Friday, November 30, 2012

Movies about Older Adults Active in the Dying Process

Photo by OldOnliner
As a student of the aging process, I regularly watch films that feature older adults.  Mature people live, love and have amazing adventures. But all people--especially the old--experience the dying process.  

At the bottom of this post are films that depict the dying of young adults and children. Also, some of these films take the point of view of the bereft, so sometimes the death occurs days, weeks, or months before the film or documentary starts. 

I value reading nonfiction books about death written by gerontologists, spiritual guides, doctors, social workers, psychologists and other experts. However, as a retired English teacher, I find great truths conveyed through creative works such as novels, memoirs, plays, poems, paintings, and film. 

These works might help viewers prepare for or process the death of a parent, a spouse or another loved one.

Saturday, November 17, 2012

Women Help All to Get Old

Sharon Couto, Maye Musk and Sally Beatty Photo from Get Old
I have long suspected that women are primarily in charge of people's bodies. Whether they are gestating bodies, feeding bodies, healing bodies, cleaning up fluids flung loose from bodies, or assisting aging bodies--women are most often in positions of key management over such matters.  I know that in my house, I am the person most focused on effective body management.

Other family members, consumed with personal achievement or leisure activities, often put the health and function of their bodies on the back burner. So I ask them, "When was the last time you ate?" "Why are you coughing?"  "Are you getting tired?"  "Are those shoes too small for you now?"  "How did you get that bruise?" "Why don't we eat some leafy greens?"  

Yes, sometimes little girls, men and boys help with these body-focused duties as they occur in the domestic sphere. I love a man who will change a diaper or a teen who will clean up vomit or a child who will choose carrot sticks over cookies. I applaud them.

However, my trip to the Get Old* blogger summit this October confirmed my suspicions. No matter what our current age or social role, we women are clearly major stakeholders in the management of bodies.  And most every body wants to get old in a healthy way. 

The blogger summit also confirmed another notion: Everybody ages.

In attendance were 10 vibrant bloggers who address issues across the lifespan.  Although my list forces these bloggers into concern based on the "age" of their blogging topics, all demonstrated interest in connecting the generations through family life, education, storytelling (with words and images) and advocacy.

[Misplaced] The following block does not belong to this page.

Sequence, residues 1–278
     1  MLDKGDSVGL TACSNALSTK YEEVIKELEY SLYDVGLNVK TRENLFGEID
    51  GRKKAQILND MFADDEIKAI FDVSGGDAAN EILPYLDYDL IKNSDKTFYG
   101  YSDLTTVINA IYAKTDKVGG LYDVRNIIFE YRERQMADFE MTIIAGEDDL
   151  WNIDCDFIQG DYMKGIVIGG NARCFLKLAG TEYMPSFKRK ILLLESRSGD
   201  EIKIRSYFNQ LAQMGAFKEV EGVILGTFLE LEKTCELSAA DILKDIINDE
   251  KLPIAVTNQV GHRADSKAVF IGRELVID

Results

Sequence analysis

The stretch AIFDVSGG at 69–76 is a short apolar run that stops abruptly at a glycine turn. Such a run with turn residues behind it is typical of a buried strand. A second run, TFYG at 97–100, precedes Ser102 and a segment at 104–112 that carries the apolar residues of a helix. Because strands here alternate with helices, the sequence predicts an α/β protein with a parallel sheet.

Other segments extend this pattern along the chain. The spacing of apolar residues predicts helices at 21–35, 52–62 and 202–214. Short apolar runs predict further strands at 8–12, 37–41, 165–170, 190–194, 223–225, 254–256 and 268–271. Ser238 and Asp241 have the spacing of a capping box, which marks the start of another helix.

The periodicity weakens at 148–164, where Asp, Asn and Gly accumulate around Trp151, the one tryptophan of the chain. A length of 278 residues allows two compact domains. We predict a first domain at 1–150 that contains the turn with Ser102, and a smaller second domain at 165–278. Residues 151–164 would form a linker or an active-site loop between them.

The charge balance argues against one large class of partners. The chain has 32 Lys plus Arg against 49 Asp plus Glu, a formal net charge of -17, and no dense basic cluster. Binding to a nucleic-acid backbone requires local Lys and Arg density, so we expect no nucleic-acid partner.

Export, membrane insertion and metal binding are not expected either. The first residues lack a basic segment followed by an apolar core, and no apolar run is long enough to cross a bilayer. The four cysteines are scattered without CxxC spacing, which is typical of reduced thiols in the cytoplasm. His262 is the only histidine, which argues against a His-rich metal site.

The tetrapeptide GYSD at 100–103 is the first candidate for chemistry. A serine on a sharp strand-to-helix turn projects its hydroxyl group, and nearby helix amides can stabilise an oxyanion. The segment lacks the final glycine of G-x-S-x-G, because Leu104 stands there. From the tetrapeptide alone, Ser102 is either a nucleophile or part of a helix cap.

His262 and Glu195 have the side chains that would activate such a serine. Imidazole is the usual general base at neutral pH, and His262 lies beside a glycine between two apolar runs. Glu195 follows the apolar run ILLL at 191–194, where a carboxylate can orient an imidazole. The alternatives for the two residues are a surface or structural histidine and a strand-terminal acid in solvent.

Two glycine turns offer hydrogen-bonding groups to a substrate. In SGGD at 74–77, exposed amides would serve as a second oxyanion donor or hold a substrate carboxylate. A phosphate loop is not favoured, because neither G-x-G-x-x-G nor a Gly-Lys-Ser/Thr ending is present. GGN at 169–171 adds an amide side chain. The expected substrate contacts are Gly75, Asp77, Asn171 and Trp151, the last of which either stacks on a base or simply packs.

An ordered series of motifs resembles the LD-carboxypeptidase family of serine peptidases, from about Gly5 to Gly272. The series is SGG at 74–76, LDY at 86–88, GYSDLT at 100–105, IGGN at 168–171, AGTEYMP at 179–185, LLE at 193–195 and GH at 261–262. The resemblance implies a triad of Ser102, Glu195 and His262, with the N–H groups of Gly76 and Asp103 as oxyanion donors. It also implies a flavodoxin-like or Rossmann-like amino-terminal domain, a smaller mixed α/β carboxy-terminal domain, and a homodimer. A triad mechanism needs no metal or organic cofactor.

Sunday, November 4, 2012

Talking with Older Adults in a Crisis

Photo by The National Guard
The prevalence of news stories about Hurricane Sandy this week reminded me of a set of guidelines I composed for how to talk with older adults in a crisis.

(For general information on how to cope in a crisis, see FEMA's page on the topic.)

Before getting to the specifics, it's important to avoid Elderspeak, a form of baby talk that people too often use to address older adults.

People are usually well meaning when they modify their speech this way, but the result too often is that the older adult feels patronized.

Read this post on Elderspeak to learn more about its features, tone and harmful effects.

Nevertheless, healthy aging does often require conversationalists to make some adjustments.  I suggest starting with a normal conversation features and then adjust as you receive input about possible limitations.

Don't start with the assumption that people have limits such as bad hearing and compromised cognition.  If you guess wrong, you've already broken trust.  The American Speech Language Association (ASHA) shares these tips for communicating with older adults.

These additional guidelines were composed in 2010 for local police officers interviewing older adults after suffering from an accident or from a crime, but they might be helpful in other crisis settings.  You can remember key points through the mnemonic E.L.D.E.R. 

Friday, November 2, 2012

Strong, Smart Women Wrestling with Caregiving

Photo by On Being
Over the last three years, I have tried to read broadly about the challenges and opportunities of aging.  Now that I've consumed over 50 books on the topic, I'm seeing a few trends. For example, several long-established, best-selling authors are now writing books about caregiving. They are doing so because they have become caregivers themselves.

Diane Ackerman writes about supporting her husband after his stroke in her 2001 book One Hundred Names for Love: A Stroke, a Marriage and the Language of Healing.   Because she and her husband are both writers, Ackerman chose to design a speech therapy program unique to his love of language  Review

Jane Gross describes how she advocates for her mother over several years and several levels of health, showing how caregiving is an ever-evolving activity in her 2011 book A Bittersweet Season: Caring for Our Aging Parents--and OurselvesReview

Betty Rollin explains her perspective as an adult child trying to help her mother manage a devastating cancer diagnosis and invasive treatment in her 1998 book The Last WishReview.

Gail Sheehy once again helps her age mates map out the landscape of a life stage--based on her experience providing care for her husband as well as journalistic-style interviews and research--but this time the path is more recursive than linear in her 2010 book Passages in Caregiving: Turning Chaos into Confidence. Review

Paula Span found that supporting her aging parent trickier than she anticipated, so she dove into the topic and followed other pairs of adult children and their parents through their challenges and produced this 2010 book When The Time Comes: Families with Aging Parents Share Their Struggles and SolutionsReview